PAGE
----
Paleogene paleogeography and the geological events at the Eocene/Oligocene boundary
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Paleogene paleogeography and the geological events at the Eocene/Oligocene boundary

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Published by Elsevier in Amsterdam .
Written in English


  • Geology, Stratigraphic -- Eocene -- Congresses,
  • Geology, Stratigraphic -- Oligocene -- Congresses,
  • Paleogeography -- Congresses

Book details:

Edition Notes

Other titlesPalaeogeography, palaeoclimatology, palaeoecology
Statementedited by Charles Pomerol.
ContributionsPomerol, Charles.
LC ClassificationsQE501.4P3 P28 1981
The Physical Object
Paginationiii, 155-364 p. :
Number of Pages364
ID Numbers
Open LibraryOL18936810M

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The Oligocene (/ ˈ ɒ l. ɪ. ɡ ə. s iː n / OL-ih-ghə-seen) is a geologic epoch of the Paleogene Period and extends from about million to 23 million years before the present ( ± to ± Ma).As with other older geologic periods, the rock beds that define the epoch are well identified but the exact dates of the start and end of the epoch are slightly uncertain. The Eocene–Oligocene extinction event, the transition between the end of the Eocene ( Ma) and the beginning of the Oligocene, is marked by large-scale extinction and floral and faunal turnover (although minor in comparison to the largest mass extinctions). Most of the affected organisms were marine or aquatic in nature. They included the last of the ancient cetaceans, the Archaeoceti.   The sedimentary sequence of the Central-Carpathian Paleogene Basin provides proxy records of climatic changes related to cooling events at the Eocene/Oligocene boundary (TEE). In this basin, climatic deterioration is inferred from the demise of the carbonate platform and oligotrophic benthic biota in the SBZ19 and from the last species of warm Cited by: The geological events at the Eocene/Oligocene boundary. Palaeo- geogr., Palaeoclimatol., Palaeoecol., t~. At the end of the Eocene, series of geological events occurs on a worldwide scale, of which the intensity is comparable to the one occurring at the Cretaceous/Tertiary bound- by:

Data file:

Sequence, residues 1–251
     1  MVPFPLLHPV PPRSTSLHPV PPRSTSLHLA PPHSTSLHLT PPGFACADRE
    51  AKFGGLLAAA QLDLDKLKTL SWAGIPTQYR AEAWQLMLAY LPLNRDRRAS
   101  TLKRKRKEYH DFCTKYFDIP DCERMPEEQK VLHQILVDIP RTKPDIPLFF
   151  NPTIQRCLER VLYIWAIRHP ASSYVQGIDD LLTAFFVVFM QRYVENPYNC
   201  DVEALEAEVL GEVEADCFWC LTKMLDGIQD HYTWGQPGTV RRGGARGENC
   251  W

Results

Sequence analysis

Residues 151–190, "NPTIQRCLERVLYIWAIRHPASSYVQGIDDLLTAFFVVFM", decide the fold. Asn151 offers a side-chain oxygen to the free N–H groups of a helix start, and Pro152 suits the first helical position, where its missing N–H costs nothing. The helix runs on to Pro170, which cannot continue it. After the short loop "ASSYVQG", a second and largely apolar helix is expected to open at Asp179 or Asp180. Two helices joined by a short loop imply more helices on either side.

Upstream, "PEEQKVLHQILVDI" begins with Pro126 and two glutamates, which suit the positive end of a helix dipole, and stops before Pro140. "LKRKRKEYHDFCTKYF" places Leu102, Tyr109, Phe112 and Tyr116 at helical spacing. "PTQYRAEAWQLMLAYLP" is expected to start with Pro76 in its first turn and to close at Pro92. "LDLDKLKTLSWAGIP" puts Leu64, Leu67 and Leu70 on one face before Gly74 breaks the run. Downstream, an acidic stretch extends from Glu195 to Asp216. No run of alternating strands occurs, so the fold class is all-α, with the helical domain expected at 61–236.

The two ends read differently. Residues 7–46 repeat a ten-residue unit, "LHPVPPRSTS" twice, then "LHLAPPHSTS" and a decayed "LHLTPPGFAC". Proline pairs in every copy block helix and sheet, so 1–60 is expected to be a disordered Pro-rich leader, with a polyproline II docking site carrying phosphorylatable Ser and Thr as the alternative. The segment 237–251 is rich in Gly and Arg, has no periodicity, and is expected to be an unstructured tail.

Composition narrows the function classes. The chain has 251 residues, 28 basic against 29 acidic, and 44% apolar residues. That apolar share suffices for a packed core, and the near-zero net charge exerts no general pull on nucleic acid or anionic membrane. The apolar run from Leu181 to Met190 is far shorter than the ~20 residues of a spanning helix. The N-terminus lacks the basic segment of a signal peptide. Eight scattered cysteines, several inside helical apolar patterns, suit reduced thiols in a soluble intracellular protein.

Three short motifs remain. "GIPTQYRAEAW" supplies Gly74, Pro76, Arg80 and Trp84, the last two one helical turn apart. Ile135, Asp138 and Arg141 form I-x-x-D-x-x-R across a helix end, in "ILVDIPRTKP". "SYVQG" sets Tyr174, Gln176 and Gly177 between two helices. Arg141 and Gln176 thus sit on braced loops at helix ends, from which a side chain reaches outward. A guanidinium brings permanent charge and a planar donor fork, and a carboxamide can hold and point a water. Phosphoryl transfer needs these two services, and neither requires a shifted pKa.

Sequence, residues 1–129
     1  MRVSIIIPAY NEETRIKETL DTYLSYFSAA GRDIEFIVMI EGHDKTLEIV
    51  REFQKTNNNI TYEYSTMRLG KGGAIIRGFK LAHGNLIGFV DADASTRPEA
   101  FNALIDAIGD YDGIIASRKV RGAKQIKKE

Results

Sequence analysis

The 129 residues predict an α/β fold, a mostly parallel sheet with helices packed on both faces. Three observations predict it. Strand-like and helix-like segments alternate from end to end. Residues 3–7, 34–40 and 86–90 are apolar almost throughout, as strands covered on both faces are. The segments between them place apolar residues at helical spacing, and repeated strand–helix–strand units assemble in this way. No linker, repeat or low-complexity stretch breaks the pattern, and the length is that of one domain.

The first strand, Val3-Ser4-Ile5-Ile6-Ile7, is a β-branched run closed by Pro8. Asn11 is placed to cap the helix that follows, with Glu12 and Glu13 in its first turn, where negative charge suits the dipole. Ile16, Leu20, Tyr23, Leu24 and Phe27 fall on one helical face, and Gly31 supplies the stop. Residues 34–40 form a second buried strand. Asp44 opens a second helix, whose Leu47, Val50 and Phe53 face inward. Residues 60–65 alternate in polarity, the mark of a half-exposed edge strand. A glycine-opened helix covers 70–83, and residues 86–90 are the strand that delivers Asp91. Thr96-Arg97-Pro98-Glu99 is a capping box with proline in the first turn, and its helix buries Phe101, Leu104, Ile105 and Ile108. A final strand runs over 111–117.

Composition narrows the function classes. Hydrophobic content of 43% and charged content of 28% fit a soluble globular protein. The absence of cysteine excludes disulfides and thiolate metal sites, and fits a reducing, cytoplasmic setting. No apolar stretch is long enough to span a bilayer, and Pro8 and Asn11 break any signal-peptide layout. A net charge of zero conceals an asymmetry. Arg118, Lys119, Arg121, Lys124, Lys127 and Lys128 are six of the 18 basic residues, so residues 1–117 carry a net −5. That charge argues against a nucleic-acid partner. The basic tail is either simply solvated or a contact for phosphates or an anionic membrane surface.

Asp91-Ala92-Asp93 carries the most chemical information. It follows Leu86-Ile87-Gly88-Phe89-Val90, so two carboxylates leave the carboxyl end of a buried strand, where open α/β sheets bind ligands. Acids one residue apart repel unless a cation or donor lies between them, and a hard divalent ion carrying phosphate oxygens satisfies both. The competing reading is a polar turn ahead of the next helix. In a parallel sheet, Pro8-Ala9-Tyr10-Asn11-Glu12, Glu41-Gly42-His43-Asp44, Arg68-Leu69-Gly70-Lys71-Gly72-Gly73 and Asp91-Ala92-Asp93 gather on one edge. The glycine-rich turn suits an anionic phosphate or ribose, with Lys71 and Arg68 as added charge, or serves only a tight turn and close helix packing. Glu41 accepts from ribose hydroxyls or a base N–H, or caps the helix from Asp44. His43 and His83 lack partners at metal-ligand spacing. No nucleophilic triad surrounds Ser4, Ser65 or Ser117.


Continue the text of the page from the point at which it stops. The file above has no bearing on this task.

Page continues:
Period from - 65 million years ago. Divided into Paleogene and Neogene. Includes Paleocene, Eocene, Oligocene, Miocene, and Pliocene epochs. Part of Cenozoic Era. Characterized as following the mass extinction of the dinosaurs. The first map (Fig. 2) demonstrates the Paleocene to Lower Oligocene paleogeography and facies development. Folding in Late Cretaceous - Paleocene time produced a . Middle Eocene, Oligocene, and Lower Miocene Atlantic Coastal Plain of North Carolina By LAUCK W. WARD, DAVID R. LAWRENCE, and BLAKE W. BLACKWELDER CONTRIBUTIONS TO STRATIGRAPHY GEOLOGICAL SURVEY BULLETIN F A lithostratigraphic study of carbonate and clastic Eocene to lower Miocene rocks on the North Carolina Coastal PlainCited by: The sudden, widespread glaciation of Antarctica and the associated shift towards colder temperatures at the Eocene/Oligocene boundary (approximately 34 million years ago) (refs ) is one of the.

The Cenozoic has only two geological "periods" — the Tertiary and the Quaternary (or sometimes divided into the Paleogene and the Neogene) — but it is more helpful to speak of the geological "epochs" within these periods. The Tertiary entails the Paleocene, Eocene, Oligocene, Miocene, and Pliocene epochs.   This work presents the description of the key section of Lower Paleocene-Eocene deposits of northwestern Kamchatka, which comprises seven beds, identified on the basis of mollusk communities. In total, nearly 80 species of mollusks, which mainly belong to the thermophilic genera, were described. More than half of them were described in North American formations, which is Cited by: 4. A series of palinspastic and paleogeographic reconstructions has been made for the Pannonian and surrounding regions for five time periods: (1) Coniacian-Paleocene, (2) early-middle Eocene, (3) late Eocene-early Oligocene, (4) late Oligocene-early Miocene, and (5) late Miocene.   The Paleocene/Eocene boundary is situated in the lower part of polarity chron C24r, but its precise position and age have been contentious. Dates range from about (Berg-gren et al., b) to million years ago (Gradstein et al., ) in various reports over the past decade or so, most centering around million years ago.